Growing into Success: Navigating Challenges and Pitfalls as a New Team Leader
Cultivating a Growth Mindset to Overcome Resistance, Facilitate Growth, and Unlearn Old Habits
🚀 DEVELOP: Unleashing Potential
As a new team leader, you will face many challenges, chief among them—navigating resistance to change and breaking old habits. Developing a growth mindset, based on the work of Stanford psychologist Carol Dweck, can be a helpful mental model in overcoming these challenges. In this post, we will explore how you can cultivate a growth mindset to overcome resistance, guiding and facilitating the unlearning process, to help your team develop and grow. We will also briefly touch upon the potential pitfalls of a growth mindset.
As a new team leader, you’ll need to prepare for the challenges of navigating through volatility, uncertainty, complexity, and ambiguity. Or VUCA for short. These variables generally act as the root cause of change which then introduces resistance—after all, change by definition introduces resistance.
To overcome resistance, you, as the team leader, have to embrace and actively plan for resistance. One effective technique is to use pre-mortem exercises, which will help you identify potential obstacles and then help you develop strategies to address said obstacles systematically.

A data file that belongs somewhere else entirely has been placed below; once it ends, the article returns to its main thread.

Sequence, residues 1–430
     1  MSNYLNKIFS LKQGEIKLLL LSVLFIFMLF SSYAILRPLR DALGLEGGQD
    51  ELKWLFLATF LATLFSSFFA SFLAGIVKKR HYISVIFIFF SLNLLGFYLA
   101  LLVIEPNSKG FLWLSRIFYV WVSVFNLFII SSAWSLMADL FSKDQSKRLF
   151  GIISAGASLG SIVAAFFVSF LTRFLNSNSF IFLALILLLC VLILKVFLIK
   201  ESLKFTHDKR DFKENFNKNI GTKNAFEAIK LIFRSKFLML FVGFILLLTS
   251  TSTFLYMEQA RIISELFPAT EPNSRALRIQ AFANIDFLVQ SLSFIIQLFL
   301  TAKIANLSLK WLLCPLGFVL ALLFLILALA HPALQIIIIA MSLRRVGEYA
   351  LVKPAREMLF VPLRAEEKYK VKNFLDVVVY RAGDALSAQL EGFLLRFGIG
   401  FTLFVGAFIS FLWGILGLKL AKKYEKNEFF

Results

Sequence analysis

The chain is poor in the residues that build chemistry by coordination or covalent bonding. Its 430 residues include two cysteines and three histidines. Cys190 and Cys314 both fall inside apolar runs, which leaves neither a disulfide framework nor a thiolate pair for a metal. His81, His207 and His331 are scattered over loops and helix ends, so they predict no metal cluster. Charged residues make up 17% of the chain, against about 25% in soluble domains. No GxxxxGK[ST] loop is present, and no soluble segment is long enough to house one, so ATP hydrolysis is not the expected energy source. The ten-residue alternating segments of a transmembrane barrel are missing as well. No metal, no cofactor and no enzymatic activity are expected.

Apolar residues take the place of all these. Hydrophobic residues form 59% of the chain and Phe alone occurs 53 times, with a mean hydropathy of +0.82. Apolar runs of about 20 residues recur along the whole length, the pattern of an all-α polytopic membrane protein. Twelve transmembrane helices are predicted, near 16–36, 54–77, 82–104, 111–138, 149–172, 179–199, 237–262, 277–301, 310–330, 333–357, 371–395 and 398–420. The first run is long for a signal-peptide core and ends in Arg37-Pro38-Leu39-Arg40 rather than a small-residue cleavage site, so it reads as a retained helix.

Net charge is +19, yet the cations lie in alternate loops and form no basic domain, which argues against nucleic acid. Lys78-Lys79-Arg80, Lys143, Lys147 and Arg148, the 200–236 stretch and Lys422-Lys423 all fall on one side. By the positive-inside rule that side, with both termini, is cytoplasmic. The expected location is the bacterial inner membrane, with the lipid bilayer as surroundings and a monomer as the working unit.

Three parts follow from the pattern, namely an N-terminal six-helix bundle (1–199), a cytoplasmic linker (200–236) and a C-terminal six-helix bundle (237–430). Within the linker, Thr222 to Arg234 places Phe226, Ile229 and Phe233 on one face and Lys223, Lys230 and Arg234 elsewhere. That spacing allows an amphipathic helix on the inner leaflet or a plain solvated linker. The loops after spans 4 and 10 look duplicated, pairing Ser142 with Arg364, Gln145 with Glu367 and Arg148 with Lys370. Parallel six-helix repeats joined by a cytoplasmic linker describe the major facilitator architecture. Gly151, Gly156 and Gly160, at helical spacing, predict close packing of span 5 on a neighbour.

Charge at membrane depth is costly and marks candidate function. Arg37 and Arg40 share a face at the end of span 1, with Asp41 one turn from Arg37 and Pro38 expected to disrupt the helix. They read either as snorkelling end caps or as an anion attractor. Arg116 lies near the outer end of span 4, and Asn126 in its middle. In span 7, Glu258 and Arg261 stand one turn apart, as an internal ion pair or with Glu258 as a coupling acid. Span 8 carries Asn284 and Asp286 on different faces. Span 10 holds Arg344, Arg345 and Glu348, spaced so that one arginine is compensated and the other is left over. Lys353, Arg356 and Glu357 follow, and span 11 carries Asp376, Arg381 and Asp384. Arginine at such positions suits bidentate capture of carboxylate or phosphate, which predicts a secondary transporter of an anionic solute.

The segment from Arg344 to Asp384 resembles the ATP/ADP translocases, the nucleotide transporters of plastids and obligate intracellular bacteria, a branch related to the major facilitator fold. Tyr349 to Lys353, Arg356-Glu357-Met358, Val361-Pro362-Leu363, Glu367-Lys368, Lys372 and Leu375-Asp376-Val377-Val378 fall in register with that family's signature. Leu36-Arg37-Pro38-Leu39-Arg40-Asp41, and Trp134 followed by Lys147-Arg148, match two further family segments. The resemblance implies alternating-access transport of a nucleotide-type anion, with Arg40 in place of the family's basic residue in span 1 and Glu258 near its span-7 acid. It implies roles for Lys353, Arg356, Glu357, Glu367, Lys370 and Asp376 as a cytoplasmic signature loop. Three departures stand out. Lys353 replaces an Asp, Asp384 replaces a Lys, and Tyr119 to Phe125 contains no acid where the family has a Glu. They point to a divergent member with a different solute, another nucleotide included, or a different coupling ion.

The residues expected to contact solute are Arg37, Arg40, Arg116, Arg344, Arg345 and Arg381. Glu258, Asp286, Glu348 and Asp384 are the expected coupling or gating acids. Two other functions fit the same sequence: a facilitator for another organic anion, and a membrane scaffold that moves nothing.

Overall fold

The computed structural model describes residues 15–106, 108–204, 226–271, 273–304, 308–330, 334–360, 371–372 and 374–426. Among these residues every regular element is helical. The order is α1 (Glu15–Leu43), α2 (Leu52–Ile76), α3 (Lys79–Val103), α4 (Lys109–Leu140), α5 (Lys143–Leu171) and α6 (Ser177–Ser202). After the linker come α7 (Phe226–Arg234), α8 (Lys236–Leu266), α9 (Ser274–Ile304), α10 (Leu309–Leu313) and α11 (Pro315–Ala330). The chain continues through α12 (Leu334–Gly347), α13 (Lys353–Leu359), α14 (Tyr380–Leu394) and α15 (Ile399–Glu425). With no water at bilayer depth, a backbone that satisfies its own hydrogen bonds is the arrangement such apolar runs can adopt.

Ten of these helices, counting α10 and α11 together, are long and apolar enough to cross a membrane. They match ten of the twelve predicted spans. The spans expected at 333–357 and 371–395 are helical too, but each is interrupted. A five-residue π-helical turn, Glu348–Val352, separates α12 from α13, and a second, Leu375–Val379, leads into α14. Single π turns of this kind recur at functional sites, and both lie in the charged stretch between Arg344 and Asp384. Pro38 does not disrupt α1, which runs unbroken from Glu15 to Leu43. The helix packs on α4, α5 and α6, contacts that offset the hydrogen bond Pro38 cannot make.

Think of it like a ship captain planning for and then navigating through rough waters. First, you need to chart your path. By using a variety of tools and strategies, such as maps, weather forecasts, and navigational instruments, you chart your course and anticipate obstacles, thinking through triggers that will help you overcome them. The second critical step in the planning stage, and many teams skip this, is to ask yourself, “what if our maps, weather forecasts, and navigational instruments are completely wrong?” or “let’s imagine the worst possible scenarios once we’re out on the water.”
“A smooth sea never made a skilled sailor.” — Franklin D. Roosevelt